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Hats hanging on a peg board with labels attached
Fig. 1

[Hats in a pool room, Mulberry Street, New York], ca. 1943, Gelatin silver print © Weegee/International Center of Photography, Ryerson Image Centre

Weegee: Murder Is My Business on view from October 14 

Sep. 1, 2015

Gangland murders, gruesome car crashes, and perilous tenement fires—these were some of the dramatic subjects that animated the work of freelance photojournalist Weegee (1899-1968). Working in New York City from 1936 to 1947, the legendary cameraman created some of the most graphic and sensationalistic photographs of crimes and news events ever seen, setting the standard for what has since become known as tabloid journalism. Weegee: Murder is My Business travels to the Ryerson Image Centre from New York’s International Center of Photography (ICP), which holds the Weegee Archive. Opening October 14, the exhibition will remain on view through December 13, with a public reception on October 21, 2015, 6 – 8 pm.

Murder Is My Business looks at the urban violence and mayhem that was the focus of Weegee’s early work. He worked almost exclusively at night, setting out from his small apartment across from police headquarters when news of a new crime came chattering across his police-band radio receiver. Often arriving before the police themselves, Weegee carefully cased each scene to discover the best angle. Weegee specialized in flash photography, illuminating crime scenes and tragedies with garish artificial light. This new approach produced lurid, high-contrast pictures, and he often used this method to reveal onlookers’ startled reactions to the events confronting them.

According to exhibition curator Brian Wallis, formerly Chief Curator of ICP, “Weegee has often been dismissed as an aberration or as a naive photographer, but he was in fact one of the most original and enterprising photojournalists of the 1930s and ‘40s. His best photographs combine wit, daring, and surprisingly original points of view... He favored unabashedly low-culture or tabloid subjects and approaches, but his Depression-era New York photographs need to be considered seriously alongside other key documentarians of the thirties, such as Dorothea Lange, Robert Capa, Walker Evans, and Berenice Abbott.”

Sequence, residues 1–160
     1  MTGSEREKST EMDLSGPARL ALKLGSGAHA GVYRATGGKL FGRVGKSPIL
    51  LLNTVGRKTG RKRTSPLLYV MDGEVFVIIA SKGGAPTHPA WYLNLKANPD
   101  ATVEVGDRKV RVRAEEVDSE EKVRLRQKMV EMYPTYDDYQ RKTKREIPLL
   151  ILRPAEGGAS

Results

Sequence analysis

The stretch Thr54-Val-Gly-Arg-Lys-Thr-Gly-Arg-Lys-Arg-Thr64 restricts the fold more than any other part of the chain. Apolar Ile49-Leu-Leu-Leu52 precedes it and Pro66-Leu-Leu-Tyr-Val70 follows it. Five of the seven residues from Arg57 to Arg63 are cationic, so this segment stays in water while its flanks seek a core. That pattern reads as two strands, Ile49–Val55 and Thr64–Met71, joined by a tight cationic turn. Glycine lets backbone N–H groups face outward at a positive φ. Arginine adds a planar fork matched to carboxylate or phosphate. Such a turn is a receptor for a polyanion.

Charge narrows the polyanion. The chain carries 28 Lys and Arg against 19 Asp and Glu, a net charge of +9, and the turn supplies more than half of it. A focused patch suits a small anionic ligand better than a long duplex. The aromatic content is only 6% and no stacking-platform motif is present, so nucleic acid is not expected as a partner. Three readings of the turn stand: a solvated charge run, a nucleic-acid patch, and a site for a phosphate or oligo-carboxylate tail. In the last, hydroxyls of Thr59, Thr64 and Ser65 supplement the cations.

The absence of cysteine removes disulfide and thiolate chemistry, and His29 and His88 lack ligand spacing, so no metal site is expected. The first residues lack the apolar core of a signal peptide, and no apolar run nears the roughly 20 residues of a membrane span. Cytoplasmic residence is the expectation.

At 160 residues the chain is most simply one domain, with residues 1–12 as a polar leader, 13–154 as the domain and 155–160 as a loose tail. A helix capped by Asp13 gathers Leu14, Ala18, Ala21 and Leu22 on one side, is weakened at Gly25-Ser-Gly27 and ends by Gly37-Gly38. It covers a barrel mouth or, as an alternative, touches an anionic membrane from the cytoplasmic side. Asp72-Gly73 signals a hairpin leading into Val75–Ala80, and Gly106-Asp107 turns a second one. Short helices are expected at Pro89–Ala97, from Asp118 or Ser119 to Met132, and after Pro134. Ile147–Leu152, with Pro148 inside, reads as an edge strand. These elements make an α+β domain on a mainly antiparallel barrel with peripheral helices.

Weegee’s rising career as a news photographer in the 1930s coincided with the heyday of Murder Inc., the Jewish gang from Brownsville who served as paid hitmen for The Syndicate, a confederation of mostly Italian crime bosses in New York. The photographer often worked closely with the police but also befriended high-profile criminals like Bugsy Siegel, Lucky Luciano, and Legs Diamond. Calling himself the “official photographer for Murder Inc.,” Weegee claimed to have covered 5000 murders, a count that is perhaps only slightly exaggerated.

Asserting pride in his thriving and unusual business, Weegee irreverently displayed a check stub from LIFE magazine paying $35 for two murders—slightly more, he said, for the one that used more bullets. Selling his photographs to a variety of New York newspapers in the 1930s, and later working as a stringer for the short-lived daily newspaper PM (1940– 1948), Weegee found a receptive audience for his pictures and writing in PM, a liberal bastion that accepted no advertising and encouraged progressive photography.

Utilizing other distribution venues, Weegee also wrote extensively (including his autobiographical book Naked City, published in 1945) and organized his own exhibitions at the Photo League, the influential photographic collective that promoted politically- committed pictures, particularly of the working classes. This visibility helped promote Weegee’s growing reputation as a news photographer, and he began stamping his prints “Weegee the Famous.” The general acceptance of his punchy photographic style, which did not shy away from lower-class subjects and humanistic narratives, led to the acquisition of his work by the Museum of Modern Art and inclusion in two group shows there, in 1943 and 1945.

This exhibition was made possible with support from the ICP Exhibitions Committee, The David Berg Foundation, an Anonymous donor, and with public funds from the New York City Department of Cultural Affairs in partnership with the City Council. The touch screen content was produced by Documentary Arts in association with Octothorp Studio.